A high prevalence has been reported previously in CPFE and other rare ILDs such as LCH and lymphangioleiomyomatosis in advanced cases [3234]. Oliviera RK and Koschel DS have reported a fairly common prevalence of pulmonary hypertension in chronic hypersensitivity pneumonitis ranging from 19% to 50% [35, 36]. The current study has the highest number of HSP subjects which explains the higher number of PH cases in that group. Connective tissue diseases have a high prevalence of PH as has been demonstrated by several studies [37]. Shirai et al. found out that mixed CTD, systemic lupus erythematosus, and systemic sclerosis constituted 43%, 29%, and 19% of patients of CTD-ILD in their study, respectively [38]. Among Indian studies, Haroon et al. concluded that during early CTD, PH may not be present [39]. Our study shows a PH prevalence of 25.4% among CTD patients. Other studies have provided consolidating figures establishing the association of PH with CTD [40, 41].

In sarcoidosis, pulmonary hypertension has been reported in up to 20% of patients, and the mechanisms involved are different. Often, the ones with advanced disease are involved [4244]. Concomitant vasculopathy and inflammatory milieu may also contribute to PH. In the present study, the prevalence of PH among sarcoidosis subjects varied from 33.4% (older definition) to 46.7% (new definition). Most patients report to our tertiary centre in fibrocystic stage in hypoxia, which can account for a higher prevalence of elevated pulmonary artery pressure.

The mean TR velocity in mild cases was 1.83 m/s, which decreased to 1.63 m/s on applying the new definition (Figure 2). Echocardiography and chest radiography showed significant aberration in moderate to severe PH patients (Tables 7 and 8). Previous studies vary on correlation of imaging findings with mean pulmonary artery pressure [45, 46]. Indeed, the diameter of the artery varies not just with the pressure but with blood flow as well. Mean pro-BNP and troponin T values were elevated in the subjects with PH (Table 9 and Figure 3). This is in accordance with American Heart Association guidelines [47]. We admit the drawback in our study that the gold standard investigation right heart catheterization was not done. There have been studies that have established the reliability of transthoracic echocardiography as a noninvasive diagnostic modality [4850].

Thus, in our study, we could conclude that there were a considerable number of subjects with interstitial lung diseases who had their mPAP in the range of 20–25 mmHg, and with application of the new definition, the pulmonary hemodynamics got the attention earlier which is likely to impact the management and overall quality of life of such patients.

5. Conclusion

We have ascertained the prevalence of pulmonary hypertension among patients of interstitial lung diseases utilizing two different international definitions. The new definition certainly unmasks a large number of subjects who previously fell in the range of elevated pulmonary artery pressure but could not qualify the criteria for diagnosis.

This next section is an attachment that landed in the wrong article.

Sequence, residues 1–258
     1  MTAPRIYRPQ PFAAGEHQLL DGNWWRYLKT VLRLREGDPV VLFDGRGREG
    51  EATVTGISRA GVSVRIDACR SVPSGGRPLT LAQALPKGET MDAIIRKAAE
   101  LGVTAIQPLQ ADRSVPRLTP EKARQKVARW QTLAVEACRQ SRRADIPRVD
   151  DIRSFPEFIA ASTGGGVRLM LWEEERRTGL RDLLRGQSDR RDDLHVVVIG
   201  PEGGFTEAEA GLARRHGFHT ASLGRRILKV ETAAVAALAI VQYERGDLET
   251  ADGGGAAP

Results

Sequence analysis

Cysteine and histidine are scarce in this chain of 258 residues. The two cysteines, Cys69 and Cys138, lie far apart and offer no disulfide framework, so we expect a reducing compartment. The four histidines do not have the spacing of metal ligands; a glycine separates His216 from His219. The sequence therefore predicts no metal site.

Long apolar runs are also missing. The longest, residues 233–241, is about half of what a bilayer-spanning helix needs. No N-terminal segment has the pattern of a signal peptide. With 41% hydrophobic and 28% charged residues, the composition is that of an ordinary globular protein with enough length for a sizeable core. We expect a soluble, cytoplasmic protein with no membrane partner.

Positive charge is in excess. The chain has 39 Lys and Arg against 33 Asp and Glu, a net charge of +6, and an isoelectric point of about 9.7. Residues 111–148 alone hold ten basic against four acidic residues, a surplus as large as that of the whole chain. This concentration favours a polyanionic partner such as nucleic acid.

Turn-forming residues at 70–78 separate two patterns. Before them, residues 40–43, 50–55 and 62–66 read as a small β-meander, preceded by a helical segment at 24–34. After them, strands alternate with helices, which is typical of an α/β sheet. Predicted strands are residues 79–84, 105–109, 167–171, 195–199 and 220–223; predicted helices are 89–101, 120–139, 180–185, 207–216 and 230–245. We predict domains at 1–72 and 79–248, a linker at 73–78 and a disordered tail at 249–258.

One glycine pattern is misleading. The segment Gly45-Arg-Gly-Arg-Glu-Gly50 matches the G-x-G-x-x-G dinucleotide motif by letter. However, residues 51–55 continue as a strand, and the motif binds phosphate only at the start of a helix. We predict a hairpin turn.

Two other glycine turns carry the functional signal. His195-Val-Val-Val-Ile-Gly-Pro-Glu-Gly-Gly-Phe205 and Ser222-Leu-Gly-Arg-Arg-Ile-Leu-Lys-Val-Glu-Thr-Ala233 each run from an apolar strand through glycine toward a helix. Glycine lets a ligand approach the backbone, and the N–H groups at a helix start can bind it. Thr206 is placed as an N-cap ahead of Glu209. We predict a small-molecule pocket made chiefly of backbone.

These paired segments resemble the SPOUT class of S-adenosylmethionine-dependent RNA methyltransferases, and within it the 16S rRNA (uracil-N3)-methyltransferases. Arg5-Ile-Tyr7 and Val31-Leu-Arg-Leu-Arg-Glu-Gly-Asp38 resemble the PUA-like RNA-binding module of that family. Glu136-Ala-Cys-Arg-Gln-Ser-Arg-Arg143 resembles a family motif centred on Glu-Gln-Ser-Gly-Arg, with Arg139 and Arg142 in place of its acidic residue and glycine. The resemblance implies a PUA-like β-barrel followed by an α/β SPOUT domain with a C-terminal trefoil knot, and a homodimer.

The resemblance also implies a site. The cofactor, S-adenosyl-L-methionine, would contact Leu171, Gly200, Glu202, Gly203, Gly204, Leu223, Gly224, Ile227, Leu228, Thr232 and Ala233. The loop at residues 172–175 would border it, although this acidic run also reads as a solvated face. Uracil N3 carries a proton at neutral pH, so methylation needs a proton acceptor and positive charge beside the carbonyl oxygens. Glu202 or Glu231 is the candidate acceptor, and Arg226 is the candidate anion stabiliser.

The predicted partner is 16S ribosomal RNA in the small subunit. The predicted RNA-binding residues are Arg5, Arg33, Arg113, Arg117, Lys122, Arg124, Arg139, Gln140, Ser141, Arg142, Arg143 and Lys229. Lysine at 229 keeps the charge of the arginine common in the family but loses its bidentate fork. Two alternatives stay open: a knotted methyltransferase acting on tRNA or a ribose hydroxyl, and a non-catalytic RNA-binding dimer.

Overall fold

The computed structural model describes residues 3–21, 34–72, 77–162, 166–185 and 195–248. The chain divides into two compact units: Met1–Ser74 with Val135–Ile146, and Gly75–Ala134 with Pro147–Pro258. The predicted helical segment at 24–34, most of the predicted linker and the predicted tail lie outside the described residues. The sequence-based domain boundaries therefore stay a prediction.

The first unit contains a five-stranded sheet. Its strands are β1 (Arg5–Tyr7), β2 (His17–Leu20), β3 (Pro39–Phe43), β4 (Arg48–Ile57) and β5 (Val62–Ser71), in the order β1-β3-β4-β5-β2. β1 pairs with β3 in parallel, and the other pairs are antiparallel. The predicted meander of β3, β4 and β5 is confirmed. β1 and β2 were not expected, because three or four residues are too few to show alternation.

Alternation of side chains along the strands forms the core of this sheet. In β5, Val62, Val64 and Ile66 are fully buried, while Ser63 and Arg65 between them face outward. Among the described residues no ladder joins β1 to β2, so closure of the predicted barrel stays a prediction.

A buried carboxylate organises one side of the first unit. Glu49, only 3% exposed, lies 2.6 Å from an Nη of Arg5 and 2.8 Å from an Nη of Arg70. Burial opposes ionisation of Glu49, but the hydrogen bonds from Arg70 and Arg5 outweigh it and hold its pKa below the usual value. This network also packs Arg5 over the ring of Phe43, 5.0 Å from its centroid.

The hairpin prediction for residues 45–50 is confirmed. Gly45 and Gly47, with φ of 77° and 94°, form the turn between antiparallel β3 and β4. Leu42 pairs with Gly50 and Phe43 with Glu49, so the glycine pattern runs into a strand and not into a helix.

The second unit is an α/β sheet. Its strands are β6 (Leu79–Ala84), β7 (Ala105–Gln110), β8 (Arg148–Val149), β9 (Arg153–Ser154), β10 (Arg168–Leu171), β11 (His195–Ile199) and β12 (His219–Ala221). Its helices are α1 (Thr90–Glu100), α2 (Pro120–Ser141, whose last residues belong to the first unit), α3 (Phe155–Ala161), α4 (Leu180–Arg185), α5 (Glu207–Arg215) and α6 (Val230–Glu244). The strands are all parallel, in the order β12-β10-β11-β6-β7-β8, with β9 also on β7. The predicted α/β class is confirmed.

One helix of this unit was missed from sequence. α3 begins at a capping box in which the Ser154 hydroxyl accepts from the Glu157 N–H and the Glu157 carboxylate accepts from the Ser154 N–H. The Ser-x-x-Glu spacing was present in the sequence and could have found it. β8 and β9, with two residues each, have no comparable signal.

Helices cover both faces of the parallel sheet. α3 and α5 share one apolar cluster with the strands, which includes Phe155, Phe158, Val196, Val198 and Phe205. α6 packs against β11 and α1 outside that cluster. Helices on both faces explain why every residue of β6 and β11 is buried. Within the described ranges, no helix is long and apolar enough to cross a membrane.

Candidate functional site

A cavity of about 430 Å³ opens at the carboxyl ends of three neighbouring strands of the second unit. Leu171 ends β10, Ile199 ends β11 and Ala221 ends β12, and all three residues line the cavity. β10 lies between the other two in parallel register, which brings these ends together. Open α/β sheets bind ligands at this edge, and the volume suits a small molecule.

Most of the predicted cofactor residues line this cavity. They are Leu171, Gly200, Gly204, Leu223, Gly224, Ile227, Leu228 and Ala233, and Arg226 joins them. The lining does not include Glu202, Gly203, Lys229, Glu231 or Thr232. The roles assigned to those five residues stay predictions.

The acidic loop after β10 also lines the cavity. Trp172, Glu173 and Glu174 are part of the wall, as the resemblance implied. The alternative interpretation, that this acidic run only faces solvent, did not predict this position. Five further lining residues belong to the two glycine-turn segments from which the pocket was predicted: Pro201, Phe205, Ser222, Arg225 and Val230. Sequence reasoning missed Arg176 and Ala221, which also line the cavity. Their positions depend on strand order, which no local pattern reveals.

Data Availability

The data used to support the findings of this study are available from the corresponding author upon request.

Conflicts of Interest

The authors declare that they have no conflicts of interest.

Authors’ Contributions

Akshyaya Pradhan and Richa Tyagi conceptualized the study and prepared the manuscript. Richa Tyagi, Surya Kant, Anupam Wakhlu, and Akshyaya Pradhan designed the study. Surya Kant, Anupam Wakhlu, and Akshyaya Pradhan defined the intellectual content. Richa Tyagi, Akshyaya Pradhan, Surya Kant, and Jyoti Bajpai performed literature search. Richa Tyagi, Anupam Wakhlu, Akshyaya Pradhan, and Jyoti Bajpai involved in data acquisition. Richa Tyagi, Surya Kant, Anupam Wakhlu, Akshyaya Pradhan, and Darshan Kumar Bajaj performed statistical analysis. Akshyaya Pradhan, Surya Kant, Anupam Wakhlu, and Darshan Kumar Bajaj reviewed and edited the manuscript.

References

  1. D. F. Condon, N. P. Nickel, R. Anderson, S. Mirza, and V. A. de Jesus Perez, The 6th World Symposium on Pulmonary Hypertension: What’s Old Is New, F1000Res, 2019. View at: Publisher Site
  2. M. M. Hoeper, H. J. Bogaard, R. Condliffe et al., “Definitions and diagnosis of pulmonary hypertension,” Journal of the American College of Cardiology, vol. 62, no. 25, pp. D42–D50, 2013. View at: Publisher Site | Google Scholar
  3. C. Jardim and D. Waetge, “The importance of the world symposium on pulmonary hypertension,” Jornal Brasileiro de Pneumologia, vol. 44, no. 3, pp. 173-174, 2018. View at: Publisher Site | Google Scholar
  4. G. Simonneau, D. Montani, D. S. Celermajer et al., “Haemodynamic definitions and updated clinical classification of pulmonary hypertension,” The European Respiratory Journal, vol. 53, no. 1, 2019. View at: Publisher Site | Google Scholar
  5. M. M. Hoeper and M. Humbert, “The new hemodynamic definition of pulmonary hypertension: evidence prevails,” European Respiratory Journal, vol. 53, no. 3, Article ID 1900038, 2019. View at: Publisher Site | Google Scholar
  6. L. G. Rudski, W. W. Lai, J. Afilalo et al., “Guidelines for the echocardiographic assessment of the right heart in adults: a report from the American society of echocardiography,” Journal of the American Society of Echocardiography, vol. 23, no. 7, pp. 685–713, 2010. View at: Publisher Site | Google Scholar
  7. G. Mahan, A. Dabestani, J. Gardin, A. Allfie, C. Burn, and W. Henry, “Estimation of pulmonary artery pressure by pulsed Doppler echocardiography,” vol. 68, no. 4, p. 367, 1983. View at: Google Scholar
  8. 2021, https://litfl.com/pulmonary-hypertension-echocardiography/.